When exercising their judgement, professionals are expected to take this guideline fully into account, alongside the individual needs, preferences and values of their patients or service users.
The application of the recommendations in this guideline is not mandatory and the guideline does not override the responsibility of healthcare professionals to make decisions appropriate to the circumstances of the individual patient, in consultation with the patient and/or their carer or guardian.
All types of anxiety disorders can be very debilitating and seriously affect a person’s quality of life. Depression is very common in people with an anxiety disorder, and it is sometimes difficult to distinguish one from the other because either or both can be accompanied by anxious feelings, agitation, insomnia, and problems with concentration.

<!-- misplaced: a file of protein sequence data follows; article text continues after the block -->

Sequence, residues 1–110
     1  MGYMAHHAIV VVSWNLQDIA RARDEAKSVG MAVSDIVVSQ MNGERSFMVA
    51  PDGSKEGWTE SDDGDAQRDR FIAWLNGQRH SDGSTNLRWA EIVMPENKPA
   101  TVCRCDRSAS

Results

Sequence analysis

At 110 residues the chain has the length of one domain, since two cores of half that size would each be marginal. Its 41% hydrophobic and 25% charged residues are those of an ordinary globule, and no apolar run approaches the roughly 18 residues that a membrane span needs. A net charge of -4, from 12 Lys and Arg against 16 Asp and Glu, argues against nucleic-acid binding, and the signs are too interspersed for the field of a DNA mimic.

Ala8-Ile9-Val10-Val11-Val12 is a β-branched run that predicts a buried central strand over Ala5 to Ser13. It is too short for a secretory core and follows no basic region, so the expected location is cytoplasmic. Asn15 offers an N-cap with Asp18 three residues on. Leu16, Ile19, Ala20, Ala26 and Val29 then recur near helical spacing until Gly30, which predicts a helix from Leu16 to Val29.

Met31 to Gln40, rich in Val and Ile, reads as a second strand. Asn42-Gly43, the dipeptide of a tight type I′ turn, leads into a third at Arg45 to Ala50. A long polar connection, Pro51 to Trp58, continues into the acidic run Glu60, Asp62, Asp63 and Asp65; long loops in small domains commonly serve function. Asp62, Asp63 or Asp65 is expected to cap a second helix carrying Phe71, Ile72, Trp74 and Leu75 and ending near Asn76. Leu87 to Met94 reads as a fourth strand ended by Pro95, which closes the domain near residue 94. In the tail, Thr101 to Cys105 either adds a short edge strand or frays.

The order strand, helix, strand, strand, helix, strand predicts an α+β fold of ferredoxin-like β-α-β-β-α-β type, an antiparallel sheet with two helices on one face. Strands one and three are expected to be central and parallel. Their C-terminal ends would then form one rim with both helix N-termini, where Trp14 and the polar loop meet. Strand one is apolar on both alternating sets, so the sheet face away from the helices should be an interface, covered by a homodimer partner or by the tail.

Social phobias and OCD also increase the risk of suicide. Any duplication or distribution of the information contained herein is strictly prohibited.
If a person has an anxiety disorder and a mood disorders (such as depression), the risk for suicide is even higher.
“It felt as though I was suddenly upside down, dangling from the Earth by my feet and that I was going to fall from the ground into the sky.” During a panic attack Jeremy needed to get inside a building so that he could feel safe from the feeling that he could fall into open space.
Being able to access somewhere at a moments notice was essential.